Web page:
Toshiba America Medical Systems, Inc., a leader in diagnostic and medical imaging, will feature the world's first dynamic volume computed tomography (CT) system - the Aquilion ONE(TM) at this year's American College of Cardiology (ACC) annual meeting in Chicago, March 30 - April 1, 2008 (Booth # 8001). This advanced diagnostic imaging system revolutionizes patient care because it can help reduce diagnosis time for life threatening diseases like heart disease and stroke from days and hours to mere minutes.
For the first time, physicians can see not only a three-dimensional depiction of an organ, but also the organ's dynamic blood flow and function. Unlike any other CT system, the Aquilion ONE can scan one organ - including the heart, brain and others - in one rotation because it covers up to 16 cm of anatomy using 320 ultra high resolution 0.5 mm detector elements. This reduces exam time, as well as radiation and contrast dose. With the Aquilion ONE, the organ or area is captured in a single rotation at one moment in time, eliminating the need to reconstruct slices from multiple points in time.
With its ability to perform uniquely comprehensive exams, including functional studies, the Aquilion ONE reduces the need for multiple, duplicative tests and invasive procedures. As a result of this breakthrough technology, healthcare costs can be reduced because unnecessary tests can be eliminated and diagnosis times are faster.
“The introduction of dynamic volume CT marks an important milestone in the history of CT,” said Doug Ryan, senior director, CT Business Unit, Toshiba America Medical Systems. “Aquilion ONE is the culmination of a decade of dedicated research and establishes a new frontier in imaging, offering advanced applications that can significantly enhance patient care while reducing the cost of healthcare worldwide.”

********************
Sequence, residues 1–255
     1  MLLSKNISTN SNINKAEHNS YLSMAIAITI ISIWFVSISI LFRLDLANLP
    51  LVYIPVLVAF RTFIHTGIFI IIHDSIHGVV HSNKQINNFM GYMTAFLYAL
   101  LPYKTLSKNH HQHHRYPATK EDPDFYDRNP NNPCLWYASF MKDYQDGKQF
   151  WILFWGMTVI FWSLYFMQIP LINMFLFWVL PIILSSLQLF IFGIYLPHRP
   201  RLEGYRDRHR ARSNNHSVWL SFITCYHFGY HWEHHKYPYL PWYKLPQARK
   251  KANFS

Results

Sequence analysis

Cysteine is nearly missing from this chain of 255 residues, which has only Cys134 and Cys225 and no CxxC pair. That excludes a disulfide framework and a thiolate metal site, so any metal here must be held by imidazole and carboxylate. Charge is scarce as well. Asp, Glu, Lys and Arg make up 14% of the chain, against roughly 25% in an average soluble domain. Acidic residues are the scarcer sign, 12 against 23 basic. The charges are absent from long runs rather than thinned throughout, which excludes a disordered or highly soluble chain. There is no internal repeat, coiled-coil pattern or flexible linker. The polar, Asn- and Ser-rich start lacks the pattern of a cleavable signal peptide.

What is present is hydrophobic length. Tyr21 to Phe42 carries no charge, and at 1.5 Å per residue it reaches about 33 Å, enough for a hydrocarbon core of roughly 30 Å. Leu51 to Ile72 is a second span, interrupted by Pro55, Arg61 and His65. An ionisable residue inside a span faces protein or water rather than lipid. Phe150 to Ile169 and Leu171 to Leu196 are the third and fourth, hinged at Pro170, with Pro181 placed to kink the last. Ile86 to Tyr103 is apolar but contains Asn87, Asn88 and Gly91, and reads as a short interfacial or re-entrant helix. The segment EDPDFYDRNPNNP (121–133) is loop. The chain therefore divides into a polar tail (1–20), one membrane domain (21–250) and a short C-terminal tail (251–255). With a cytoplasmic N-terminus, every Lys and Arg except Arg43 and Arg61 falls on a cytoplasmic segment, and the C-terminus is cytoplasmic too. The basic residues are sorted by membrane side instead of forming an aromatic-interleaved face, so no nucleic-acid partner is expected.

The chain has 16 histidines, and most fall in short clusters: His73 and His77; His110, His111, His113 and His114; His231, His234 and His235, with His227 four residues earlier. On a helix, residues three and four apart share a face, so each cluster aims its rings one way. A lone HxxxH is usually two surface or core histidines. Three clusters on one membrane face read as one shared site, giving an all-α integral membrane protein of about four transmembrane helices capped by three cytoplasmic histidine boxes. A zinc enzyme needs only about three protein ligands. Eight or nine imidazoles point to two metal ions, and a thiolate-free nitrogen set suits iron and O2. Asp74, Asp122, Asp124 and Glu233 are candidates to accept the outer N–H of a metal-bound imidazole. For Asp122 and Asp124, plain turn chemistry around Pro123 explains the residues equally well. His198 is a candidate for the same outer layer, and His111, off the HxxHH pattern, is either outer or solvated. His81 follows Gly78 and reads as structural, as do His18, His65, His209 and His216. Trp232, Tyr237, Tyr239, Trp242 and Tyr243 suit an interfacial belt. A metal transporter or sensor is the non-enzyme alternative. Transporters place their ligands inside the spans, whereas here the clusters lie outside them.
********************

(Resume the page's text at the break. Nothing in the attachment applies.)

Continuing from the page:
Real-world Patient Benefits
For patients exhibiting symptoms of heart conditions, diagnosis time can be reduced from days to minutes. Typically, patients who exhibit symptoms of chest pain are given multiple tests to identify the problem, including an EKG, calcium study, CT angiography (CTA), nuclear test and catheterization. Tests of this nature could take days to complete and would expose the patient to significant radiation and contrast dose. With the Aquilion ONE, a single comprehensive exam can give physicians all of the information they need to diagnose and treat the patient in less than 20 minutes and with significantly less contrast and radiation dose.
The Aquilion ONE also has the potential to save lives and improve the quality of life for patients with neurological symptoms, specifically related to stroke. When a patient comes to a hospital's emergency room (ER) exhibiting stroke symptoms, it can take hours to diagnose and treat the patient when time is of the essence. Typically, stroke patients will be taken first to the hospital's CT system, but with current CT technology, results can be inconclusive and additional tests such as MR exams are necessary, extending diagnosis time to as much as four or more hours. With the Aquilion ONE, time-to-diagnosis can be dramatically reduced to minutes because complete functional data is acquired accurately and quickly with less radiation and contrast. This improved diagnosis time could greatly impact patient quality of life.
The Path to Dynamic Volume CT
Toshiba's road to dynamic volume CT began a decade ago. The development of the Quantum Detector technology platform made it possible to produce the industry's thinnest detector elements at 0.5 mm with the industry's best low contrast resolution. In addition, this completely new system is equipped with innovative features including an exam table that accommodates up to 660 lbs and coneXact dynamic volume CT reconstruction.
In 2006 and early 2007, Aquilion ONE beta systems were tested at Fujita Health University and the National Cancer Center in Japan and Johns Hopkins University in the U.S. Feedback from the beta systems have been integrated into the system to ensure the best possible clinical outcomes.
U.S. commercial units have been installed at Johns Hopkins University in Baltimore and Brigham and Women's Hospital in Boston. Worldwide installations also have taken place at Fujita Health University in Japan; Humboldt University, Campus Charité Mitte in Germany; and University Health Network in Canada. Additional installations will be completed in early 2008 and full commercial availability will take place this summer.